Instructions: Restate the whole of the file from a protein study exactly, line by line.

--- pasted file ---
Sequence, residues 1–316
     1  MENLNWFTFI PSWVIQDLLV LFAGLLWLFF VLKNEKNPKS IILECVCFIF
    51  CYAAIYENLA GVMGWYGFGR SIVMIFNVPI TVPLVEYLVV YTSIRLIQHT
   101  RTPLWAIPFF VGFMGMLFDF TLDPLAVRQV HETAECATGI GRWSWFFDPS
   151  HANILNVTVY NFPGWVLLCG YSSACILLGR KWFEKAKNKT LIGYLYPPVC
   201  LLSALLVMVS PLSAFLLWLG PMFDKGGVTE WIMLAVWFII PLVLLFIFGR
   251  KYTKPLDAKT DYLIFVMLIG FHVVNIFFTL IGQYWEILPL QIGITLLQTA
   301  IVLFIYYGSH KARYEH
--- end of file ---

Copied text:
Sequence, residues 1–316
     1  MENLNWFTFI PSWVIQDLLV LFAGLLWLFF VLKNEKNPKS IILECVCFIF
    51  CYAAIYENLA GVMGWYGFGR SIVMIFNVPI TVPLVEYLVV YTSIRLIQHT
   101  RTPLWAIPFF VGFMGMLFDF TLDPLAVRQV HETAECATGI GRWSWFFDPS
   151  HANILNVTVY NFPGWVLLCG YSSACILLGR KWFEKAKNKT LIGYLYPPVC
   201  LLSALLVMVS PLSAFLLWLG PMFDKGGVTE WIMLAVWFII PLVLLFIFGR
   251  KYTKPLDAKT DYLIFVMLIG FHVVNIFFTL IGQYWEILPL QIGITLLQTA
   301  IVLFIYYGSH KARYEH